As the attacker approaches and prepares to strike with his right hand, step forward and to the outside with your lead (left) leg. While advancing, lift your right elbow directly in front of your centerline. That will keep him from making contact as you close the gap.

Next, drop your right elbow and trap his deflected right arm under your right arm, then hit the side of his face with a left palm heel. Maintain contact with your palm and drive him backward until he falls. Adjust the hold you have on his limb to make it more secure, after which you can effect a reverse armbar.

Complete the immobilization by dropping your left knee onto the right side of his neck and jamming your left thumb into the pressure point located on the side of his neck just below his ear, John Pellegrini says.

Brachial Stun and Neck Crank: Stun a lunging attacker with a quick strike to the area near the windpipe, then apply debilitating pressure to his neck.

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Begin this set of self-defense moves in a right-foot-forward awareness position. When the assailant lunges toward you with his arms outstretched, pivot counterclockwise — ensuring that you remain on the inside of him — and strike the right side of his neck with your right forearm.

Simultaneously grab his right wrist with your left arm and wrap your right arm around his neck until his head is held firmly against your torso. Lock your hands and lift to crank his neck.

John Pellegrini’s Combat-Hapkido Self-Defense Moves
Technique

Combat Hapkido’s John Pellegrini on Women’s Self-Defense, MMA and Military Training

To help us learn more about traditional training in a modern world, our friend GK Zachary from AdultMartialArtist.com sat down with combat-hapkido founder John Pellegrini.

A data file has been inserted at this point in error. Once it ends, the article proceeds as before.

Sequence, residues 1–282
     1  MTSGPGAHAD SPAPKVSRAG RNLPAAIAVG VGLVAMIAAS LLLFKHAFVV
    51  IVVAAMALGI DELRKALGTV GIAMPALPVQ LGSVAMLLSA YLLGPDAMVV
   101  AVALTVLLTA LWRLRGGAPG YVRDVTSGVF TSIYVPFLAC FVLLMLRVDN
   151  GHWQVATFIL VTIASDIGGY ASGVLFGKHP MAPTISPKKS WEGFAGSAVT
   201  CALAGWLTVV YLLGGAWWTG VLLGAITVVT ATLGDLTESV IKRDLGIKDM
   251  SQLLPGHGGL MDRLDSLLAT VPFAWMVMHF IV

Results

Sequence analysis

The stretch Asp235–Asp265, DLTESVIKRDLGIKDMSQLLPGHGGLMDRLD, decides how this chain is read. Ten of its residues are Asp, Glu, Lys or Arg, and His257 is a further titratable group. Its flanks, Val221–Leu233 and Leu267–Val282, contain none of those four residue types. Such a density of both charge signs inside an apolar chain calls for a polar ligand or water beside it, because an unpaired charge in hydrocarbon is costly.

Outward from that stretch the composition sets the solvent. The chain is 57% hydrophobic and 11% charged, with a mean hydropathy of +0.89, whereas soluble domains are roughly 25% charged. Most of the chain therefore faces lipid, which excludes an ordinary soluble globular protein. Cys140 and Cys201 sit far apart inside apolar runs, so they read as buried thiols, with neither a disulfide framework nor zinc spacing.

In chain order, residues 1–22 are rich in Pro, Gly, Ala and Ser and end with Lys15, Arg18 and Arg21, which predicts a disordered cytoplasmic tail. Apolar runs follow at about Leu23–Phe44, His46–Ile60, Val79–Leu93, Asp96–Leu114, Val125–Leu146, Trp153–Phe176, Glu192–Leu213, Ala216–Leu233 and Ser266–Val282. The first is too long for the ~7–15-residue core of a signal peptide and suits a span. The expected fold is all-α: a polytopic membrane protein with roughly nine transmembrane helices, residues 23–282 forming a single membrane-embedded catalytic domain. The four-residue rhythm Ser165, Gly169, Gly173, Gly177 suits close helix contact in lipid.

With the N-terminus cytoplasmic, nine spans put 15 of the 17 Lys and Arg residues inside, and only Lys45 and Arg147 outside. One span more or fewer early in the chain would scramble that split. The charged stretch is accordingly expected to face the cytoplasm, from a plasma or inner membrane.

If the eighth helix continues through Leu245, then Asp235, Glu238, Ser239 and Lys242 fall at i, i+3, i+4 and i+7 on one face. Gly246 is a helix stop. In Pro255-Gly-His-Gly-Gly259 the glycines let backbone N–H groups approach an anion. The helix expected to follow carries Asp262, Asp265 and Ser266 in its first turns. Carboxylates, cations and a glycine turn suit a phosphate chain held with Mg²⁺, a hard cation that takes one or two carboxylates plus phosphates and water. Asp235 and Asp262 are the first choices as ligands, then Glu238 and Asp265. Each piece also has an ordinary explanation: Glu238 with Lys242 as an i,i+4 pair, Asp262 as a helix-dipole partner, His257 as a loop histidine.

Pellegrini’s been inducted in more than 20 martial arts halls of fame and has been on the cover of 17 self-defense magazines, including our own. Why? Because he’s the perfect ambassador for the arts.

Long before Pellegrini became one of the world’s most popular self-defense instructors, he served in the elite 1st Airborne Regiment of the Italian army. Following that, he used his martial training to work in law enforcement, corporate security, investigations and executive protection.

Pellegrini now holds ninth-degree black belts in hapkido and taekwondo, and his combat-hapkido system is extremely popular with law-enforcement and military personnel. As if that weren’t enough, he is also a certified jeet kune do and aikido instructor.

If ever someone deserved the title of grandmaster, it’s Pellegrini. Enjoy.

—Jon Sattler

GK Zachary: Do traditional martial arts still have relevance for martial artists in an area increasingly dominated by MMA and reality-based martial arts systems?

John Pellegrini: Absolutely. Mixed-martial arts practitioners are wonderfully trained and highly disciplined fighters. But this training is only for a few individuals willing to dedicate themselves entirely to the sport and accept the rigors of the training, the pain and the inevitable injuries. Most people will not ever contemplate that kind of training.